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Project Objectives
 

Project Objective 1: Create and operate Bioenergy Support Centres

Bioenergy Support Centres (BSC) will be created in each of the project regions. The Centres will house information, offer training and education, as well assisting the creation of local bioenergy schemes. A feedstock testing service will be offered by the BSCs to characterise the suitability of biomass for pyrolysis and other cutting edge bioenergy technologies.

The BSCs offer a one stop information facility for bioenergy development through a library of information directed at specialist and non-technical audiences and this will support project developers in the collation of information necessary to the creation of new bioenergy schemes and therefore reduce project development costs.

Project Objective 2: Build project development decision support tools

BioenNW is developing a tool to assess the potential for bioenergy projects in specific geographical regions. The tool will capture the experience and knowledge of the BioenNW team to enable different sectors from across NW Europe to assess the potential for bioenergy developments in their region.

It removes the need for premature investment in feasibility studies and will allow potential locations for bioenergy schemes to be considered with only those with excellent potential taken forward to feasibility studies or directly to project development.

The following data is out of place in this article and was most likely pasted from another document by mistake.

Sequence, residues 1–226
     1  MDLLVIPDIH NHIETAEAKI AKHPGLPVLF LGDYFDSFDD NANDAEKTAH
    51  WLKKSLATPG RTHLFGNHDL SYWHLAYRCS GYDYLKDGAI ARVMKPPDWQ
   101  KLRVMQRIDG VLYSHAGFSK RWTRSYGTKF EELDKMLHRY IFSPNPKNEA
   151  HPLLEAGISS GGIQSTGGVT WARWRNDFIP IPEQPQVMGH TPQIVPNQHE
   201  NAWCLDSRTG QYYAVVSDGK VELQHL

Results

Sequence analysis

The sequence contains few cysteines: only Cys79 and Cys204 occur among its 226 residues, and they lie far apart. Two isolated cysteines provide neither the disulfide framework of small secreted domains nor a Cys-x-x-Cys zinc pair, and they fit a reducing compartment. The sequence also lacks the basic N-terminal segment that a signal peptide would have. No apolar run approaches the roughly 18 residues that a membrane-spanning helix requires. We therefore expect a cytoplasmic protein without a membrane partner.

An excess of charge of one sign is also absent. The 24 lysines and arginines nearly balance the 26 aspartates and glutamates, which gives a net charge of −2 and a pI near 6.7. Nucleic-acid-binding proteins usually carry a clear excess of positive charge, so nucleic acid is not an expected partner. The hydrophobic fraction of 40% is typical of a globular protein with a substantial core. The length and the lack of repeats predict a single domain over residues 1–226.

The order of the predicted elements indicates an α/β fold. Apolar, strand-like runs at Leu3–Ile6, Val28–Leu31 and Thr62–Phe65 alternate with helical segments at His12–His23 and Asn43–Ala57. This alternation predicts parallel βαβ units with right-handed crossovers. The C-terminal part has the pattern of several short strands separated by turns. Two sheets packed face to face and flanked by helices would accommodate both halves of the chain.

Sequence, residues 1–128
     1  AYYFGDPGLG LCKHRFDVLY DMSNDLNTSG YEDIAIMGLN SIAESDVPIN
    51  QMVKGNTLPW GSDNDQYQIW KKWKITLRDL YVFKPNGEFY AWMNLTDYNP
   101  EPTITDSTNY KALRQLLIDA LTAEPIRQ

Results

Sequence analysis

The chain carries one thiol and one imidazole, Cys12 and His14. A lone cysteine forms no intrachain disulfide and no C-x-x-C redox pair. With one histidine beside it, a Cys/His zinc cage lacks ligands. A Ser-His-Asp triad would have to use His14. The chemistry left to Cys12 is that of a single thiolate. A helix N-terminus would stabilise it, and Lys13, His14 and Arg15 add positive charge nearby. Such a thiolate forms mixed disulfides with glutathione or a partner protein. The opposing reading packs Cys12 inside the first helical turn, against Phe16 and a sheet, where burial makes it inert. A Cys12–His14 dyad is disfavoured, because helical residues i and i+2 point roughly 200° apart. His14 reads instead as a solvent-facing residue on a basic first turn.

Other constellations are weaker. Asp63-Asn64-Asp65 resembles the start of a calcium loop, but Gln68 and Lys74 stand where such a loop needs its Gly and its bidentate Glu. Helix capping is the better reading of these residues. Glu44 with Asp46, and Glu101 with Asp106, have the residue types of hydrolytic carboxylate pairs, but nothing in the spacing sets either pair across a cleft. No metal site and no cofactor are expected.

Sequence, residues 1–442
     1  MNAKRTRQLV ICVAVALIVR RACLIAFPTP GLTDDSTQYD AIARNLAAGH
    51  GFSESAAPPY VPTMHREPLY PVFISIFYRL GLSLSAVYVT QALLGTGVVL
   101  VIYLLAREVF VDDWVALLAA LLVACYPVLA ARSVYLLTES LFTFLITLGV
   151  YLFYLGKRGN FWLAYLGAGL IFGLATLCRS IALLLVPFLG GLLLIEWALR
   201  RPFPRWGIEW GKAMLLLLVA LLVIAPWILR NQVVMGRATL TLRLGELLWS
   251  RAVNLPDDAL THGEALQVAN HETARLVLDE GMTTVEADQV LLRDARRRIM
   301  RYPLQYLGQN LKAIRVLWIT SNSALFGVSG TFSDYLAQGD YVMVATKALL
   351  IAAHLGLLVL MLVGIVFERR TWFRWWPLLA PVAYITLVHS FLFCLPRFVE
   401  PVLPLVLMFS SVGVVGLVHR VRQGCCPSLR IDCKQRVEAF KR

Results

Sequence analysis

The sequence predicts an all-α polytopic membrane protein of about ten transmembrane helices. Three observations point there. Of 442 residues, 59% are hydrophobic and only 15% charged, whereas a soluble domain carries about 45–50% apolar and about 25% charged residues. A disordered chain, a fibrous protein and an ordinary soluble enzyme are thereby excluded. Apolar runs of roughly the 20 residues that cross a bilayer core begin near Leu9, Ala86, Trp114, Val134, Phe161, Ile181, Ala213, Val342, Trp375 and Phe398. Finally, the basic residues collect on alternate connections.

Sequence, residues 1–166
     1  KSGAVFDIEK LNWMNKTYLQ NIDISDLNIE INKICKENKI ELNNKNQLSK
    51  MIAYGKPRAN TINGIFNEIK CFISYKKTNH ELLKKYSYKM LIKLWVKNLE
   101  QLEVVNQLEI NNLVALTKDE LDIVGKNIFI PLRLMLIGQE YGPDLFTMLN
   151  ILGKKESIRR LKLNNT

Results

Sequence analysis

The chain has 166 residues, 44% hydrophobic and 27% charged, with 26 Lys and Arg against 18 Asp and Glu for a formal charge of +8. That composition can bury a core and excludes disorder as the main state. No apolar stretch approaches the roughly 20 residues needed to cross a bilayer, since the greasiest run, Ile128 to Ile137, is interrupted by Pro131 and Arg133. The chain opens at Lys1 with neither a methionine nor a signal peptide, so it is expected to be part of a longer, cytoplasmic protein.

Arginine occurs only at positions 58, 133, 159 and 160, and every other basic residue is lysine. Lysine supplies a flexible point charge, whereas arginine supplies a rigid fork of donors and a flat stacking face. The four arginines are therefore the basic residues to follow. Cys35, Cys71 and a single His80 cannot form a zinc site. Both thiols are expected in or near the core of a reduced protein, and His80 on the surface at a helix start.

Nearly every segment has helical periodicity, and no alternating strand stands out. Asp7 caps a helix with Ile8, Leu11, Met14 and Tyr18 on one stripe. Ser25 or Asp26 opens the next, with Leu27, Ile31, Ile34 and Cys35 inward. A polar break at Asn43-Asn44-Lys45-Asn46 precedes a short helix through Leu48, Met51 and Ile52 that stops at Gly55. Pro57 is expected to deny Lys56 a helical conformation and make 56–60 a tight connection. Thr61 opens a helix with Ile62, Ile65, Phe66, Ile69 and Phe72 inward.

Project Objective 3: Demonstrate technology at a commercial scale

The project will demonstrate the integrated operation of pyrolysis and anaerobic digestion (AD). At the start of the project a pyrolysis unit – a Pyroformer – was installed at Harper Adams University, alongside its existing AD facility. The Pyroformer will then be installed on the Aston University campus in the European Bioenergy Research Institute (EBRI) to demonstrate the flexibility of the technology.

Data will be collected on performance of digestion and pyrolysis and the quality of the products (e.g. heat, power, gas and biochar) to provide evidence to potential users and will demonstrate how bioenergy technologies can be integrated and CHP engines can be driven by this technology.

The demonstration sites will be used for education and training purposes and will host workshops and training days at Harper Adams University College and the European Bioenergy Research Institute at Aston University. Additionally pilot and bench scale tests of digestion from different feedstocks will be conducted to demonstrate a wide range of materials representative of digester products across North West Europe.

Project Objective 4 - Install new bioenergy schemes

Syngas can be used as fuel for a Combined Heat and Power (CHP) generator.

These generators produce electricity and useful heat in a single process.

They are a very efficient; a traditional coal-fired generator has an average efficiency of 34% while CHP plants work up to an efficiency level of around 80%.